I don’t often encounter the words “philosophy” and “fun” right next to the term “algebra.” Nowadays, these words don’t seem to fit together comfortably. However, the three terms do appear in the title of an engaging little book called Philosophy and Fun of Algebra, written by Mary Everest Boole (1832–1916) and published in 1909.
I discovered the book while browsing the online Cornell University Library Math Book Collection (http://moa.cit.cornell.edu/dienst-data/cdl-math-browse.html), which consists of more than 600 volumes that were scanned from originals held by the library. The collection includes a number of historically significant works, by such prominent mathematicians as Jean Bernoulli, René Descartes, G.H. Hardy, and Henri Poincaré, many in French, German, and other languages. It also has a smattering of mathematical curiosities. I have my eye on How to Draw a Straight Line: A Lecture on Linkages by A.B. Kempe and Euclid and His Modern Rivals by Charles L. Dodgson.
Boole’s gentle, conversational introduction to algebra is meant for children. It also serves as a window on math education–as it was perceived in some circles about a century ago.
“Arithmetic means dealing logically with facts which we know (about questions of number),” Boole begins. And she immediately launches into a discussion of what “logically” means and the scope and primacy of the laws of logic.
No Parliament can pass a law to make an answer come out right, she insists. “. . .governments have grown wiser by experience and found out that, as far as arithmetic goes, there is no use in ordering people to go contrary to the laws of the Logos [hidden wisdom], because the Logos has the whip hand, and knows its own business, and is master of the situation.”
Why bother with algebra if you already know arithmetic? Boole answers: “When people had only arithmetic and not algebra, they found out a surprising amount of things about number and quantities. But there remained problems which they very much needed to solve and could not. They had to guess the answer; and, of course, they usually guessed wrong. And I am inclined to think they disagreed. . . . Probably they quarreled, and got nervous and overstrained and miserable, and said things which hurt the feelings of their friends. . . .”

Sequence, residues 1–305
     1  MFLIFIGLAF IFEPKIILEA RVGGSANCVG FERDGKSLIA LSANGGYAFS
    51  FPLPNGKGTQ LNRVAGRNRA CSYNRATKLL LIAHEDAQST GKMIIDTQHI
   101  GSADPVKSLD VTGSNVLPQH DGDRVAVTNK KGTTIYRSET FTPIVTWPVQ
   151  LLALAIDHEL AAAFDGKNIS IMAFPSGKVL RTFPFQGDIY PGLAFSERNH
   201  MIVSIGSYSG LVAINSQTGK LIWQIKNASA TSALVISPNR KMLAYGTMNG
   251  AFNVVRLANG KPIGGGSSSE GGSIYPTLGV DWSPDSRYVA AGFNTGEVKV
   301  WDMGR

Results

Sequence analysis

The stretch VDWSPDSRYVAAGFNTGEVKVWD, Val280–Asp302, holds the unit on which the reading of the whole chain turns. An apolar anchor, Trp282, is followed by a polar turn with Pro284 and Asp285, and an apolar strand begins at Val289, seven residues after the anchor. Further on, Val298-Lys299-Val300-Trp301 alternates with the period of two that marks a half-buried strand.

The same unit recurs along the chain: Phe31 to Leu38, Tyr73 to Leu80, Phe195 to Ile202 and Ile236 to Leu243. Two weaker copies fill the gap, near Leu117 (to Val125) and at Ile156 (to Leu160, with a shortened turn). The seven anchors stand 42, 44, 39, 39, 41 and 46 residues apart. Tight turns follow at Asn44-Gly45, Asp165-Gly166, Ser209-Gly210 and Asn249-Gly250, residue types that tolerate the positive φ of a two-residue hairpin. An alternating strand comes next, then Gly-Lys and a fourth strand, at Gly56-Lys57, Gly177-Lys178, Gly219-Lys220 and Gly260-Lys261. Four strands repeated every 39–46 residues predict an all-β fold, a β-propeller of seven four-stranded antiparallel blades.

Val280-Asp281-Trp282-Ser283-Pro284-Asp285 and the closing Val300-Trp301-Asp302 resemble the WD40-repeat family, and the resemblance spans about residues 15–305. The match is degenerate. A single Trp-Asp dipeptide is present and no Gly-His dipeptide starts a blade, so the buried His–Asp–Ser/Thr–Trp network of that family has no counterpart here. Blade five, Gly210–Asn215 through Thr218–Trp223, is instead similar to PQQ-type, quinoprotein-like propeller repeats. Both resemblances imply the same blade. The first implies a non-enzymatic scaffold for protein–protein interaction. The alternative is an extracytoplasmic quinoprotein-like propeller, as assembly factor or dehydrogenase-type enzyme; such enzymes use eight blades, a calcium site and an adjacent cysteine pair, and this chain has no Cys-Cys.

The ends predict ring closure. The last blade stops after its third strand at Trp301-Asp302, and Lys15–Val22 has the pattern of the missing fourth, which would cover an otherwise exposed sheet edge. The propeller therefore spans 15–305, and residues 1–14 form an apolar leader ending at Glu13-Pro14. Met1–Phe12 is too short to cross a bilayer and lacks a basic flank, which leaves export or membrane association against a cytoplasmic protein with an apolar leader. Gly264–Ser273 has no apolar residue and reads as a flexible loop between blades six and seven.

That impasse led to the birth of x. “Instead of guessing whether we are to call it nine, or seven, or a hundred and twenty, or a thousand and fifty, let us agree to call it x, and let us always remember that x stands for the Unknown,” she declares.
In 17 short chapters, Boole presents the basic concepts of algebra, with a variety of examples and snippets of mathematical theory, all seasoned with anecdotal pinches of history and philosophy. She frequently refers to biblical events and characters. One chapter on the question of choosing the proper working hypothesis focuses on Macbeth’s tragic mistake in the play by William Shakespeare of failing to distinguish between the real and the imagined.
In the book’s final chapters, Boole confronts the perplexities of the square root of –1 and the unlimited vistas of the infinite. As it does elsewhere in the book, her tone verges on the mystical.
“A story is told of a man at Cambridge who was expected to be Senior Wrangler [top mathematics student]; but he got thinking about the square root of minus one as if it were a reality, till he lost his sleep and dreamed that he was the square root of minus one and could not extract himself; and he became so ill that he could not go to his examination at all,” Boole recounts.